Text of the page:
As you might be noticing, the Butlers were doing a fair amount of recording but not achieving much success. The group's recordings sold regionally but never had the promotion to make an impact on the national scene. After the single with Phila, the Butlers moved to the Fairmount label (part of the Cameo-Parkway family) and released a handful of singles, some being reissued singles of the past. The Butlers were with Fairmount for 1966-67 and then moved to Sassy Records. Sassy released the group's greatest single (in my opinion) "Love (Your Pain Goes Deep)" b/w "If That's What You Wanted." A copy of that 45 sold for just under $500 last summer on eBay. Even though that isn't that much in the world of record collecting--it's still a hefty sum. The Butlers released another single on Sassy ("She's Gone" b/w "Love Is Good") that appears to be even 
harder to come by then the "Love (Your Pain Goes Deep)" single.


The true history become a bit blurred here as the AMG biography states that the Butlers last record was released on C.R.S. in 1974 (". However, between 1971 and that single, Frankie Beverly formed a group called Raw Soul and released a number of singles. Some of the songs recorded by Beverly during this period are "While I'm Alone," "Open Up Your Heart," (both on the Gregor label) and "Color Blind." "Color Blind" was released by the Eldorado label and rerecorded by Maze. Beverly's big break came when Marvin Gaye asked Raw Soul to back him on a tour. Gaye helped Beverly/Raw Soul get a contract at Capitol. Beverly decided to take the group in a different direction, a name change occurred, and Maze was created.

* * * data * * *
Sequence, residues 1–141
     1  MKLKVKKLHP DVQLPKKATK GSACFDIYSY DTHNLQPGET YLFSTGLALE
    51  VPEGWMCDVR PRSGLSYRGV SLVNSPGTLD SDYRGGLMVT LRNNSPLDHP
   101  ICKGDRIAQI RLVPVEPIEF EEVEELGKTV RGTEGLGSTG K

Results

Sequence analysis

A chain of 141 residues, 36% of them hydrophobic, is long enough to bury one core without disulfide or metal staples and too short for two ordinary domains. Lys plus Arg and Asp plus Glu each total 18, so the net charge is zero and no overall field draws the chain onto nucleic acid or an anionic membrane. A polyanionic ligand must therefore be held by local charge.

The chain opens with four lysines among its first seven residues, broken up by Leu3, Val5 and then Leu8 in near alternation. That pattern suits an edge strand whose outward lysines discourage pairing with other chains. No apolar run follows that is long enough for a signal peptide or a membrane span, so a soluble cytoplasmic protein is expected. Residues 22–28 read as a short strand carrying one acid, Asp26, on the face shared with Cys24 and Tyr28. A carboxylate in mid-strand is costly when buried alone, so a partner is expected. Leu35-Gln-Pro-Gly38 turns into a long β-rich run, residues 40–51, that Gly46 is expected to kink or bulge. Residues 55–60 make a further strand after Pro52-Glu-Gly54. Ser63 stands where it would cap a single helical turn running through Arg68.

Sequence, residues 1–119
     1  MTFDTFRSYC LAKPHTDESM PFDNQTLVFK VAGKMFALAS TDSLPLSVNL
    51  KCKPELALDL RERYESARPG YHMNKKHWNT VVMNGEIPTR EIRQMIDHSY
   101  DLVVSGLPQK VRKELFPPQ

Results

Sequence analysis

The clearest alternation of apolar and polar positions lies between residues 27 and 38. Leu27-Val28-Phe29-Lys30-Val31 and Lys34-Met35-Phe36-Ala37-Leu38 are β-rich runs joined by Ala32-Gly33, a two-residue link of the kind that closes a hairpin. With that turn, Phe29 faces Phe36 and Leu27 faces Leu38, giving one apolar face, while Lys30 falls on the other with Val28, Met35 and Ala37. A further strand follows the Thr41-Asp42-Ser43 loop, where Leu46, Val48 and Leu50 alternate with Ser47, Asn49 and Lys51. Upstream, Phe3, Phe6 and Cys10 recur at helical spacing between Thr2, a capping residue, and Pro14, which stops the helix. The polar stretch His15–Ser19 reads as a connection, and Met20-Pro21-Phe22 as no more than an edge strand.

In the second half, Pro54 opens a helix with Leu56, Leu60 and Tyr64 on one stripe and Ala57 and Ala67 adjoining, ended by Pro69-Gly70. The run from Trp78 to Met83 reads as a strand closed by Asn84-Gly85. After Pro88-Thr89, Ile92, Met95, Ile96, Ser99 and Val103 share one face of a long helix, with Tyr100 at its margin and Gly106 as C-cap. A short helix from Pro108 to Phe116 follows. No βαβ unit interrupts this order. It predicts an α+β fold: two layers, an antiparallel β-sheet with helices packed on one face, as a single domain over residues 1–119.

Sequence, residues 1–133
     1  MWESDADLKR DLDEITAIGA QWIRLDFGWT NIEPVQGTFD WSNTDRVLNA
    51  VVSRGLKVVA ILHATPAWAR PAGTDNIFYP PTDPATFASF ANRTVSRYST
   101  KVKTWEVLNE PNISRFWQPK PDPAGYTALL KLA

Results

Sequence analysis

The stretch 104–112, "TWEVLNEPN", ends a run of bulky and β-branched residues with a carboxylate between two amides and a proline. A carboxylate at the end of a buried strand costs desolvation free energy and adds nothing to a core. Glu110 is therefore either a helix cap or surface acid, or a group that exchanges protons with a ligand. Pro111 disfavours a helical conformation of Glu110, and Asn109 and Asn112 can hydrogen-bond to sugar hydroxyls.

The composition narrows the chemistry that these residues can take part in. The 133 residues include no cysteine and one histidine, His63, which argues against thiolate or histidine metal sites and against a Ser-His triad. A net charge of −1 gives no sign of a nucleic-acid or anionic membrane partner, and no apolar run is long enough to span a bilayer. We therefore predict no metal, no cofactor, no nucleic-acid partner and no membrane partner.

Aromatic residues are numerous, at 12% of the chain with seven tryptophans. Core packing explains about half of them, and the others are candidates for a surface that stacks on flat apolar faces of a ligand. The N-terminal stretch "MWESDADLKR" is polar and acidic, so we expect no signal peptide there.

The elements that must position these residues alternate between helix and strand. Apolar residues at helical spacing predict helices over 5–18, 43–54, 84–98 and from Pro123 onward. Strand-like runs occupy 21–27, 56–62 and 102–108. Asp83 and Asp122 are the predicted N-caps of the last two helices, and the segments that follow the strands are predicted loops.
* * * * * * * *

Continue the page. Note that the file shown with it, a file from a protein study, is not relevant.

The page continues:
The above isn't the most complete history of Beverly but hopefully someone will know a way to get in touch with the man or his management because a comprehensive pre-Maze history needs to be done on Frankie Beverly (his real name is Howard, by the way). Below you'll find every Frankie Beverly (pre-Maze) song available to me right now ("Color Blind" will be up soon).